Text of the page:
World Bulletin / News Desk
The Muslim Brotherhood has warned that Egypt risks slipping into civil war or a confrontation between the people and army over what it describes as a military coup against elected president Mohamed Morsi.
"Egypt is living a dangerous nightmare that risks either starting a civil war or driving a wedge between the people and the heroic army," the MB said in a Thursday statement marking the anniversary of Egypt's 1973 military victory over Israel.
The current situation, the group added, "could even lead to divisions inside the army itself due to the desire of some army leaders to assume power and stage a coup against constitutional legitimacy and kidnap the elected civilian president."
Egypt's powerful army deposed Morsi, Egypt's first democratically elected head of state, on July 3 following mass protests against his regime.
It subsequently suspended the constitution and named Adly Mansour, the head of Egypt's constitutional court, as interim president.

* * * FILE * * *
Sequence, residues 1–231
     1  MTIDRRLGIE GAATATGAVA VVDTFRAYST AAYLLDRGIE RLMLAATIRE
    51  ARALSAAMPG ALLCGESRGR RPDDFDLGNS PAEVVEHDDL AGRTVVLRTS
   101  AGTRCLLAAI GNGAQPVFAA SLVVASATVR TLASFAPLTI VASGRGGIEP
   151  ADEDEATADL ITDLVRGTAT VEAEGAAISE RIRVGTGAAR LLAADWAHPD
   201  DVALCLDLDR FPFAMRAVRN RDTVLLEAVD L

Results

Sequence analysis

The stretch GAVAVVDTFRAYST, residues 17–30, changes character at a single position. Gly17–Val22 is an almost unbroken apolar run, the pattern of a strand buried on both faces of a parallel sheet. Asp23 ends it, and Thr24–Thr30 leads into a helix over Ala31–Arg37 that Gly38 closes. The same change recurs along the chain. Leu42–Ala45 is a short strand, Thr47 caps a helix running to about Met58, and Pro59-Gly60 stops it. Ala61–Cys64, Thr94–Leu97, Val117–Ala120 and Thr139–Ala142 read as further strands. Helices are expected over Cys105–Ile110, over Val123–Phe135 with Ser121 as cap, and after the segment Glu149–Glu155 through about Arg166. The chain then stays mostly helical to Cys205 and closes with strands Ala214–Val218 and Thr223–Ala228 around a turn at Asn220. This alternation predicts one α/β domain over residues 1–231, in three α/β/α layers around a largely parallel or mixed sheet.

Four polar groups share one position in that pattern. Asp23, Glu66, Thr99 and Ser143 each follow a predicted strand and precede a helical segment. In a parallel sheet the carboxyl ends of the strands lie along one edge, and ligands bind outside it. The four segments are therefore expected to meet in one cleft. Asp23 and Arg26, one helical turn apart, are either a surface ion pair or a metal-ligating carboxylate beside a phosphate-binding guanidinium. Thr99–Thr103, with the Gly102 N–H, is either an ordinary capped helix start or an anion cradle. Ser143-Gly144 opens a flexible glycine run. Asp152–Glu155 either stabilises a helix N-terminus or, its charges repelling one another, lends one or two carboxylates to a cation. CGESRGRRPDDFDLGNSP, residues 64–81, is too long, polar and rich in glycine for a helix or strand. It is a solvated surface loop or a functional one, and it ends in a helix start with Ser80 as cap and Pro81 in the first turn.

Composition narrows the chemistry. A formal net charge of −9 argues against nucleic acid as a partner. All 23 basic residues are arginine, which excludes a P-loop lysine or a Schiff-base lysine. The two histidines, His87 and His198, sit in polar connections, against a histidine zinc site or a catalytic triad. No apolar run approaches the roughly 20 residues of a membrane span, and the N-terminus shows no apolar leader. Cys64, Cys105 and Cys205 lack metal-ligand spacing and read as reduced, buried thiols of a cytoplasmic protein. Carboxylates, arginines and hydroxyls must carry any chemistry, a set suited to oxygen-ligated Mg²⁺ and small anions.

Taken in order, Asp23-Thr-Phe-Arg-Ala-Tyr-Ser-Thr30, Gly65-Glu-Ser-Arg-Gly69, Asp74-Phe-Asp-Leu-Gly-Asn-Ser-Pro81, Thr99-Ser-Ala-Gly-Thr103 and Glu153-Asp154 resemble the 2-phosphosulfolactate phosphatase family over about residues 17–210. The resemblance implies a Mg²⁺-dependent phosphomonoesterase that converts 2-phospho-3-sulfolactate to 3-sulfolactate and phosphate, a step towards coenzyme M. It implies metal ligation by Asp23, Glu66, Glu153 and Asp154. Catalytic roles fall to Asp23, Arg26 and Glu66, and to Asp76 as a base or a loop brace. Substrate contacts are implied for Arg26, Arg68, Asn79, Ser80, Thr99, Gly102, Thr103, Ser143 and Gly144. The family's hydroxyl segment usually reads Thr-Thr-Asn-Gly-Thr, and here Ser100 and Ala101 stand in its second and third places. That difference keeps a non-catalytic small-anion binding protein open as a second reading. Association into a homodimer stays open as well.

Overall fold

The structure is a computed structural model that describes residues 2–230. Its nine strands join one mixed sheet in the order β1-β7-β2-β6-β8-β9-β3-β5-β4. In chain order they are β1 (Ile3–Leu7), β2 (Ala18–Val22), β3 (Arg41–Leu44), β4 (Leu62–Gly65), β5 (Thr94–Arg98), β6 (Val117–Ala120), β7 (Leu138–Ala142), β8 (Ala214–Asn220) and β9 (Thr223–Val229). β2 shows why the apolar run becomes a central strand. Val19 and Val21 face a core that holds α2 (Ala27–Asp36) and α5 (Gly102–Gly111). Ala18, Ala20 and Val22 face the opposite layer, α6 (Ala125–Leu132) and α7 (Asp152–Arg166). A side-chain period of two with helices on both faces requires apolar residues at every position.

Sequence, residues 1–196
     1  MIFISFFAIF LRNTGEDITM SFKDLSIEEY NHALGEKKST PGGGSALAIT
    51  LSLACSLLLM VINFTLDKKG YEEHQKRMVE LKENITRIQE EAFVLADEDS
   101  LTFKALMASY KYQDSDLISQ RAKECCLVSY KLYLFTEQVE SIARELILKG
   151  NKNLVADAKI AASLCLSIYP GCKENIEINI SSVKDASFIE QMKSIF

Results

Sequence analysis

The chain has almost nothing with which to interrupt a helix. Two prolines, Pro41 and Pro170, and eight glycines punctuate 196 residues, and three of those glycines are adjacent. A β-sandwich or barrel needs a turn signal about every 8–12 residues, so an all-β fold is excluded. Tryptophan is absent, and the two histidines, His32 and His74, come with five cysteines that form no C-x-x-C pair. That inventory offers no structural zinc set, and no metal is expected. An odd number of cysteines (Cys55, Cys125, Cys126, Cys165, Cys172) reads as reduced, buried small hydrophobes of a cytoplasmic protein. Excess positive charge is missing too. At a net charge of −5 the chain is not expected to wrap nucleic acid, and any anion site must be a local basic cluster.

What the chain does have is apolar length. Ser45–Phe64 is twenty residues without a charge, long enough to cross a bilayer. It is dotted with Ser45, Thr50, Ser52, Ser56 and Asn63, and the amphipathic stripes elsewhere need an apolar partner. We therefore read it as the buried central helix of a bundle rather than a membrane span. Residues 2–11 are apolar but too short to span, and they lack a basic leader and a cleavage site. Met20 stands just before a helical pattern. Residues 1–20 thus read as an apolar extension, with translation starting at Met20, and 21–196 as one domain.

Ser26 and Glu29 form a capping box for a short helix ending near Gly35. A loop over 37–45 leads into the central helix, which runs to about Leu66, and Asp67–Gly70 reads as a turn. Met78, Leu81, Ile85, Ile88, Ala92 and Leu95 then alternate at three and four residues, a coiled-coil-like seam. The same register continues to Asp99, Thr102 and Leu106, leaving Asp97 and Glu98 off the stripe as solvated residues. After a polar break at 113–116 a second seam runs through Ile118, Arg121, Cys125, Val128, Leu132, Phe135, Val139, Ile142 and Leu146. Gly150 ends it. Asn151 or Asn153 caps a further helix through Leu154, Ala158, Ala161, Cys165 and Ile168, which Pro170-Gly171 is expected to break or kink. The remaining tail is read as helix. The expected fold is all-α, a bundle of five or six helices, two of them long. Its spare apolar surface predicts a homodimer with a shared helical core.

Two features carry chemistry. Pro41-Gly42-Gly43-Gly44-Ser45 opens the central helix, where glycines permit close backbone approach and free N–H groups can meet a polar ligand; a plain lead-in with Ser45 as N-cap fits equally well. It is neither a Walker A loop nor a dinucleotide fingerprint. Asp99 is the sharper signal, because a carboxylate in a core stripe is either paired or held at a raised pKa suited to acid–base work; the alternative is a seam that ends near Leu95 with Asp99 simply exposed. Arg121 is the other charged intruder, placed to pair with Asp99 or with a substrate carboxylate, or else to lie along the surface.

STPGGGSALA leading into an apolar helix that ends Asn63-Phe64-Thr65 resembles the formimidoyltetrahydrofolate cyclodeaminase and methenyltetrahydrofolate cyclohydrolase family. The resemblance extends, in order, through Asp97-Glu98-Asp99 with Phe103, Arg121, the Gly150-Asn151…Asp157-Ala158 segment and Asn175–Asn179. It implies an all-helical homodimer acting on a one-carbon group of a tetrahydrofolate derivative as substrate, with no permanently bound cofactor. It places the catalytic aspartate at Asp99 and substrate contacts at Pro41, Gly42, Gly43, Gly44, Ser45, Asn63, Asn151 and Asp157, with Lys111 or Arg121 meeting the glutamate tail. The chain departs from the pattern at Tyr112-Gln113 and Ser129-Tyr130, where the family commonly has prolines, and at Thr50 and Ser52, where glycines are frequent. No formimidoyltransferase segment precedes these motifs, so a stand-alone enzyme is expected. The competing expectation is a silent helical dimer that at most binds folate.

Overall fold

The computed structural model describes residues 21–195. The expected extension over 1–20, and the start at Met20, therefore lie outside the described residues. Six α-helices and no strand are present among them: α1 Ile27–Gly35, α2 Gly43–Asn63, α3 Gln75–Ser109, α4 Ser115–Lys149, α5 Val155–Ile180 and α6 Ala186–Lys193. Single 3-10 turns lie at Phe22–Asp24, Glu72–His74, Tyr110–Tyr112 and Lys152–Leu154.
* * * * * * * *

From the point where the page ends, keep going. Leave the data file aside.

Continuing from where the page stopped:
Morsi supporters have since taken to the streets nationwide in mass demonstrations and sit-ins to defend his democratic legitimacy and demand his reinstatement.
The Islamist group said that the army's reengagement in domestic politics revived memories of the 1967 Nakba ('catastrophe'), when the Egyptian army was roundly defeated by Israel.
"The army was then the victim of a leadership that deviated from the path and neglected its military responsibilities," the MB asserted, in reference to the military's role under former president Gamal Abdel-Nasser.
The group went on to describe army leaders as "bloody usurpers who betrayed the trust of the people, reneged on their oath by launching a coup against constitutional legitimacy, abducted the armed forces' commander-in-chief and elected president, and fired on civilian protesters."
Morsi, a member of the Muslim Brotherhood, has not been seen in public since his ouster.
The Brotherhood has continued to call on Egyptians to take to the streets in mass rallies in solidarity with the deposed president.
The National Alliance for the Defense of Legitimacy, an alliance of largely Islamist parties and groups including the Muslim Brotherhood, has called for mass demonstrations on Friday to demand Morsi's reinstatement.
Morsi's opponents, meanwhile, have called for counter-protests in Cairo's Tahrir Square and outside the Ittihadiya presidential palace to reaffirm their support for an army-imposed roadmap for Egypt's current transitional phase.